Lesson 1 - Measure - Pursue Accuracy
How much? How far? How long? These questions are answered by measurement. But there’s another question we must answer: How accurate? The response is often “as accurate as needed to answer the question.” Accuracy depends on a wide variety of factors, but at its core, it begins with a standard. Abandoning artifacts, today’s scientists and engineers use universal constants for the accuracy we need.
[The image shows NIST physicist Julia Scherschligt working on the NIST-on-a-Chip program, which is a suite of intrinsically accurate, quantum-based measurement technologies intended to be deployed nearly anywhere and anytime. These chips will allow instruments to perform work uninterrupted without the need for NIST’s traditional measurement calibration services.]
The National Institute of Standards and Technology helps coordinate the standardization of measurements. Let’s begin to explore the seven main areas of measurement now associated with universal constants.
What is metrology? Why does it matter?
Step into the shoes of a metrologist and discover why everything is worth measuring.
Familiarize yourself with the universal constants with these hands-on laboratory experiments.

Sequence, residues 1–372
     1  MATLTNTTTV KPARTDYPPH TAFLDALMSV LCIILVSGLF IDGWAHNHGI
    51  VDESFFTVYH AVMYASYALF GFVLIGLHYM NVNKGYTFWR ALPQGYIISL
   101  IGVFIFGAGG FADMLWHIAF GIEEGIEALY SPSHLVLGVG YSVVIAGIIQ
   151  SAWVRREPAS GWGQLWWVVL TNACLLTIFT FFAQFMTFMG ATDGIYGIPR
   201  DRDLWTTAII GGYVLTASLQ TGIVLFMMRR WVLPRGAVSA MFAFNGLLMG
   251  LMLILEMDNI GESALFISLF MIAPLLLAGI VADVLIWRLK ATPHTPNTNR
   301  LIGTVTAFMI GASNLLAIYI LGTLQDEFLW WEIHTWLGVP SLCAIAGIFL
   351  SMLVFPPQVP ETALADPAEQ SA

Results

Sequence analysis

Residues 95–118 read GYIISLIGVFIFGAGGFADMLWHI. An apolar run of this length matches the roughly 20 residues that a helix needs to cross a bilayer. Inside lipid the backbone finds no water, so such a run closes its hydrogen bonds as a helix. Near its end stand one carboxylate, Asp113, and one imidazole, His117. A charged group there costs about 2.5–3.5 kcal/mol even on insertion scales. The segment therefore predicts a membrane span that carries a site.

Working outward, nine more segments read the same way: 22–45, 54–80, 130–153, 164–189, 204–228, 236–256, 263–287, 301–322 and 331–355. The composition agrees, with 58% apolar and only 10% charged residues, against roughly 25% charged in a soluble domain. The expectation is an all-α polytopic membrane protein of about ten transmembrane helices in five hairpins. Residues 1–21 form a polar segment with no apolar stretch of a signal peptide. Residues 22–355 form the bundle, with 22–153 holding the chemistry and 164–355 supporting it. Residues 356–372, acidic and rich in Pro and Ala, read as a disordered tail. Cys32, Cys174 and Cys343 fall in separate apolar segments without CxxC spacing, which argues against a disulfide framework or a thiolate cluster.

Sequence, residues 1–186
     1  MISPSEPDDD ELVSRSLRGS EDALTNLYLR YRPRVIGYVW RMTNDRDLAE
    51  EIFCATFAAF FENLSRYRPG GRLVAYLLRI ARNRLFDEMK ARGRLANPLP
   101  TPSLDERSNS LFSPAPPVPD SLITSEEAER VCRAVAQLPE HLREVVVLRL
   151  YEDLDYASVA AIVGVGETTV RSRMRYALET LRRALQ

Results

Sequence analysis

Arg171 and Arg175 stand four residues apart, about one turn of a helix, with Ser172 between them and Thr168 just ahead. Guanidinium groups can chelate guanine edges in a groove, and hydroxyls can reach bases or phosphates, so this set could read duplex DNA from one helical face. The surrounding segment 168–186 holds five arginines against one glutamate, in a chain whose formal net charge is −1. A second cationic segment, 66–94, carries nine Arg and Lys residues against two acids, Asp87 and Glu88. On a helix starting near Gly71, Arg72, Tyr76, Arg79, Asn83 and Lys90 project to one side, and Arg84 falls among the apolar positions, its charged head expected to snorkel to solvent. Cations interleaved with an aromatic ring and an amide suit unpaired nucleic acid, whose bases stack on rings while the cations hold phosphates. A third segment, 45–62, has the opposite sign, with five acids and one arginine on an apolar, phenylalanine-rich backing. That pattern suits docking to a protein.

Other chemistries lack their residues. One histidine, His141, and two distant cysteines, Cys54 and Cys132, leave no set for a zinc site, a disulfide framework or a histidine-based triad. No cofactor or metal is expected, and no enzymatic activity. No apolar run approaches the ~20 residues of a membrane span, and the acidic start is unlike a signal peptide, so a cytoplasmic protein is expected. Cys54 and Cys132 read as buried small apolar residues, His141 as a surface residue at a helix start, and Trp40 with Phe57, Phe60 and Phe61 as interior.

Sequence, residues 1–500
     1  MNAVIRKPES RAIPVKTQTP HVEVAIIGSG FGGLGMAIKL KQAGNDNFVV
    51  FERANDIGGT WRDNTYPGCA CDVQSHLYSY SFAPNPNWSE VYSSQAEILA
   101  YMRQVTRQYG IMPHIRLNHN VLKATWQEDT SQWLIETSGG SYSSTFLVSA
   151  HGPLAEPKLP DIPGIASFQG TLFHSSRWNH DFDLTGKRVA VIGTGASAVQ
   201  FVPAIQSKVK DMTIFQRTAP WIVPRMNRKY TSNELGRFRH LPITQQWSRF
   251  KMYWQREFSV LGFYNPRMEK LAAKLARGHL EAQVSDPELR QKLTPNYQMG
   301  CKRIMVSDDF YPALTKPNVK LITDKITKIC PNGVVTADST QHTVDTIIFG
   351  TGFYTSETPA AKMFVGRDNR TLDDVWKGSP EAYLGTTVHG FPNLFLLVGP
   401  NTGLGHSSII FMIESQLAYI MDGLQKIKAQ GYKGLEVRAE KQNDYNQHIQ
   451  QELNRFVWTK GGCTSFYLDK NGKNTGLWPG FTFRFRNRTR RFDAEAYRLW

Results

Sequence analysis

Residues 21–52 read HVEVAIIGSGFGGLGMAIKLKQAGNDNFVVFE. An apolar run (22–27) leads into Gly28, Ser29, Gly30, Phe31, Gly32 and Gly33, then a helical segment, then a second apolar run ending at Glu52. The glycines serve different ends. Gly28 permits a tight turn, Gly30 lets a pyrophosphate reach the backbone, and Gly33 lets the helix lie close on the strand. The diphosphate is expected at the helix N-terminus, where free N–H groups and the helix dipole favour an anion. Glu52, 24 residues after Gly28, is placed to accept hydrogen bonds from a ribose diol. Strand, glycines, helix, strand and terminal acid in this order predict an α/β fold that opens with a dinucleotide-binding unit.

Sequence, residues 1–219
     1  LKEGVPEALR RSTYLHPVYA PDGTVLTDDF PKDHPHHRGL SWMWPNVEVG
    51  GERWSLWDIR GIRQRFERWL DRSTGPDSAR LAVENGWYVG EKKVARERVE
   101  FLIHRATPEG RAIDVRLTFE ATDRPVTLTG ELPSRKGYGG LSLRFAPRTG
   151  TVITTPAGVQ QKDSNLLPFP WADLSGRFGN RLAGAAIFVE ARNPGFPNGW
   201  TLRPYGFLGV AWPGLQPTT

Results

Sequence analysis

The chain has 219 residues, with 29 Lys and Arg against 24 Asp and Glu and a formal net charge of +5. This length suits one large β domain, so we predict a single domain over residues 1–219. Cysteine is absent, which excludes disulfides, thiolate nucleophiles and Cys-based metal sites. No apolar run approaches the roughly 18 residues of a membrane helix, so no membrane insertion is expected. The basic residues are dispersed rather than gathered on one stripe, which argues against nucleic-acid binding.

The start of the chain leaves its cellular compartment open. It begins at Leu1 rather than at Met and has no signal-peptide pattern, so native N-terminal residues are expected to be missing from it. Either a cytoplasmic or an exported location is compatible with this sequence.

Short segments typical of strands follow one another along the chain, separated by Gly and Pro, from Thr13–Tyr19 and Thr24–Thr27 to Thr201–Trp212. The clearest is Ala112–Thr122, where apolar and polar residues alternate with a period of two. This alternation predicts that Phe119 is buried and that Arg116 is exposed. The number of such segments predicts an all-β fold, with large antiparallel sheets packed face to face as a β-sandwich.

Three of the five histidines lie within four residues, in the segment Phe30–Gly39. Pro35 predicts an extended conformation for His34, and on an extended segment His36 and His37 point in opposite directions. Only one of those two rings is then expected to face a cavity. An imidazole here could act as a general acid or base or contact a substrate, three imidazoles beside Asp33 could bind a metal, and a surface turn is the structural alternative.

What makes a measurement accurate? The standard! Compare measuring with sound and light, and use light to make a surprising prediction about a familiar phenomenon.
In this video, the NIST Role Models discuss the concepts of accuracy and precision.
Watch the video Accuracy vs. Precision and consider these questions about accuracy.
From ancient times, humans have used sound and light to measure distance. In this activity you’ll try both methods, and consider which factors affect an accurate and precise standard.
How big? How far? How long? Our methods of measurement have changed through the centuries. Long ago, most measurement tools were personal; we measured with our paces, our body parts, and what we saw and heard. Today, standards are far more constant.
Why is it important that people agree on what standards mean? The NIST Role Models explain.
Watch the NIST Role Models explain consensus standards, then go back in time to consider the importance of agreeing on standards.
In a reading, discover the history of measurement and the standards used over time to enable humans to compare things they valued. Reflect on your ideas about the purpose and function of these measurements in discussion and mini-STEM activities.
Once people traveled by the stars. Today we travel with satellite guidance. But the key to making old and new systems work continues to be time.
In this activity, you’ll explore the unit of time and model the Global Positioning System that guides so many of our devices today.
What have you learned about measurement and accuracy? Challenge yourself with these questions.
What do you know so far?
What more can you learn about measurement and accuracy?
Read a NIST publication that explains why accuracy matters, and think through some follow-up questions.